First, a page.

Tate closes access to Ai Weiwei’s Sunflower Seeds

It looks like I was one of the lucky few thousand to be allowed to play in the porcelain sunflower seeds – apparently the enthusiastic reaction from visitors had resulted in far more porcelain dust being released than they anticipated.

From what Tate are saying it seems the dust could pose a health risk if inhaled over a long period of time (I’m assuming this means that the concern is more for Tate’s workers than the visitors). This was something I had wondered during my visit since the gallery attendant keeping an eye on the work was sporting a dust mask. The air was hazy and every crunchy step as the children ran up and down let off a tiny puff of powder. Blowing my nose afterward was pretty surprising too.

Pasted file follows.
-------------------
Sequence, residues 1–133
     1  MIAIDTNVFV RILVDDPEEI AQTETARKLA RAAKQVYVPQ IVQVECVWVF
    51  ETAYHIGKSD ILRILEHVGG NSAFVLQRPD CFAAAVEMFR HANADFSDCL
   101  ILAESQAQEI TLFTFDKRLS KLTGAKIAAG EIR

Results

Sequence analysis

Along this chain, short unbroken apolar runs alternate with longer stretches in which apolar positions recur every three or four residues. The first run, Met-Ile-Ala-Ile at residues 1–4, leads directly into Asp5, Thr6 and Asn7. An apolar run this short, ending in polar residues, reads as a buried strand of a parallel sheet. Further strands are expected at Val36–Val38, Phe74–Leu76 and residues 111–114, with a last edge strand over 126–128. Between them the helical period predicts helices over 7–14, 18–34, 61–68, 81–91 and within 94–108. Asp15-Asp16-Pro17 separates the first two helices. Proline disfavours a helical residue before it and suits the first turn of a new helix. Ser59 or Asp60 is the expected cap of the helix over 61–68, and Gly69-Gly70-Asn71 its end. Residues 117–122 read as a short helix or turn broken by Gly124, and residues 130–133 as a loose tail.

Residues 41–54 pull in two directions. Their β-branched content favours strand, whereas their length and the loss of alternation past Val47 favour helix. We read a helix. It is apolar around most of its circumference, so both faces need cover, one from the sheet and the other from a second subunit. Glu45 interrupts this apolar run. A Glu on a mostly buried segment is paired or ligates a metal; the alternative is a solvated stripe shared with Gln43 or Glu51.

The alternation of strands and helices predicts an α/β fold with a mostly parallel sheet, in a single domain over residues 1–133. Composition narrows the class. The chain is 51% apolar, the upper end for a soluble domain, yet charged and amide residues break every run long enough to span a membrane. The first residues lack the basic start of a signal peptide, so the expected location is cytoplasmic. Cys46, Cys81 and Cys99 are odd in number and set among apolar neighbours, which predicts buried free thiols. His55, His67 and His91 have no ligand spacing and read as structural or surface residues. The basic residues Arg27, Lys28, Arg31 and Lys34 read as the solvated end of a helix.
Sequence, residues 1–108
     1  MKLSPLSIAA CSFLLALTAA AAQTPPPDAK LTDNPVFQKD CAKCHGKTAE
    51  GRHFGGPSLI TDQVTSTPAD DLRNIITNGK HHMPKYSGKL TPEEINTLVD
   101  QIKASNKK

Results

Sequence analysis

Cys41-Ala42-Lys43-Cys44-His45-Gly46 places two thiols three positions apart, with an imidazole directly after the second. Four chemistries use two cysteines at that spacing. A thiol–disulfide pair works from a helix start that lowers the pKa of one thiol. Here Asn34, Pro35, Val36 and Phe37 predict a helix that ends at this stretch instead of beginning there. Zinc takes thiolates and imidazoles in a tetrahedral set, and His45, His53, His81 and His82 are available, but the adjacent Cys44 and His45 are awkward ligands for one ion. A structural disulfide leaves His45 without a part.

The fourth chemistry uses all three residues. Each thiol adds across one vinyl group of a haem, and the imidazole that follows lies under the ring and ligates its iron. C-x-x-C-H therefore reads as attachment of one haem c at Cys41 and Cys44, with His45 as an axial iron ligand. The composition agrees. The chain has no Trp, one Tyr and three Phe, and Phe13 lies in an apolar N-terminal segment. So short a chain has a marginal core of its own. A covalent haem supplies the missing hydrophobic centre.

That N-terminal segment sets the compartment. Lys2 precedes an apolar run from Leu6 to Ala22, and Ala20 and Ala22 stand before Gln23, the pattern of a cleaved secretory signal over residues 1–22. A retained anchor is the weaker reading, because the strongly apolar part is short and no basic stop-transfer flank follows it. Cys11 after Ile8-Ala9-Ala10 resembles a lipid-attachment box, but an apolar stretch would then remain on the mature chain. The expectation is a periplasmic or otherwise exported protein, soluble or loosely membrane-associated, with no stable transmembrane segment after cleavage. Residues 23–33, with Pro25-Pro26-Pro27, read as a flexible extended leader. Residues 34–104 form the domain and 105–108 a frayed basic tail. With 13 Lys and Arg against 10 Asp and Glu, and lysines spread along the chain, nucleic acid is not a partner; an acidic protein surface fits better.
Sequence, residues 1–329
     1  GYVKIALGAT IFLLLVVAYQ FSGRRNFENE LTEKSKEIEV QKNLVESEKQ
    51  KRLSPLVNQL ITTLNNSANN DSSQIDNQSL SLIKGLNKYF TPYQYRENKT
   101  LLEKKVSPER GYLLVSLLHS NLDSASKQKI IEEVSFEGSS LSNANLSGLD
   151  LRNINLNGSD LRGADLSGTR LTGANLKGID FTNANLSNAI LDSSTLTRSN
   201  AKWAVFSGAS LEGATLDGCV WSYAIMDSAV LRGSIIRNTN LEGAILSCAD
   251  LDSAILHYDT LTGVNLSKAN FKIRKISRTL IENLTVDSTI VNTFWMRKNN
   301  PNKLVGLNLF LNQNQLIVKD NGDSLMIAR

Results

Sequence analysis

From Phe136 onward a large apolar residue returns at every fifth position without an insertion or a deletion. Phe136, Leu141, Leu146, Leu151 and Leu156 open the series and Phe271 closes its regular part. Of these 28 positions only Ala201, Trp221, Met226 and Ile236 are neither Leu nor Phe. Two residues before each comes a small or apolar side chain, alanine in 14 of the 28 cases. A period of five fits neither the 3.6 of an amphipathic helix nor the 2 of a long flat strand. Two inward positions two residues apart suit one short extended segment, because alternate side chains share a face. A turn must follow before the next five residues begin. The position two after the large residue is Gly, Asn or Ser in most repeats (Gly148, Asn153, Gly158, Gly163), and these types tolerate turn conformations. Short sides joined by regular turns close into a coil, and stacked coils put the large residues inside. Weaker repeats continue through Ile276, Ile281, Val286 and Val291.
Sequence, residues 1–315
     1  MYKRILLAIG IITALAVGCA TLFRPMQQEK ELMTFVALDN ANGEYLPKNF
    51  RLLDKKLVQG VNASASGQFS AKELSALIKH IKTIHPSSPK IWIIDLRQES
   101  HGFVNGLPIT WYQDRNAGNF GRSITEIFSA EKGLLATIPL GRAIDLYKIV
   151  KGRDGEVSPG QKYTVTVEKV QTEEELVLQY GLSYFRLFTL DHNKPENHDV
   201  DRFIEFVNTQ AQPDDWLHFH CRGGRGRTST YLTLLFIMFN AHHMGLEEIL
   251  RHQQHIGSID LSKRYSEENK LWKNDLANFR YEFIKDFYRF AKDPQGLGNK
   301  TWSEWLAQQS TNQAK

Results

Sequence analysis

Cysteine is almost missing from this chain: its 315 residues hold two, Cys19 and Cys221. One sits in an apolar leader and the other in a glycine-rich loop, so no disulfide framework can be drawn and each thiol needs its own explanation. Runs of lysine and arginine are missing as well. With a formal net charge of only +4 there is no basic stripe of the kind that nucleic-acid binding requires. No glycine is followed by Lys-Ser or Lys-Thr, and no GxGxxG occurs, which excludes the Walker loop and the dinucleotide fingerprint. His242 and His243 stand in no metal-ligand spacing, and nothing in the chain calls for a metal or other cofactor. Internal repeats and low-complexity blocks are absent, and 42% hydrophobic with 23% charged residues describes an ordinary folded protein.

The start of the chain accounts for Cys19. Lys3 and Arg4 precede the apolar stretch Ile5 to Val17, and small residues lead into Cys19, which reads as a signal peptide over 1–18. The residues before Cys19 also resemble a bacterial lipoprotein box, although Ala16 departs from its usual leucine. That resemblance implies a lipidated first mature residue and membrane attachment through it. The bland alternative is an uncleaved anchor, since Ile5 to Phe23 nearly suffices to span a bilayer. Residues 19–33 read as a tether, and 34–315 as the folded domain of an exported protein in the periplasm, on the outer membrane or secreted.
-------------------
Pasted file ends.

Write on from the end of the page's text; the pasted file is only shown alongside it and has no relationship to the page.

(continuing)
The full statement reads:

Although porcelain is very robust, we have been advised that the interaction of visitors with the sculpture can cause dust which could be damaging to health following repeated inhalation over a long period of time. In consequence, Tate, in consultation with the artist, has decided not to allow members of the public to walk across the sculpture.

Today (Friday 15 October 2010) the installation will be viewable from the Turbine Hall bridge.

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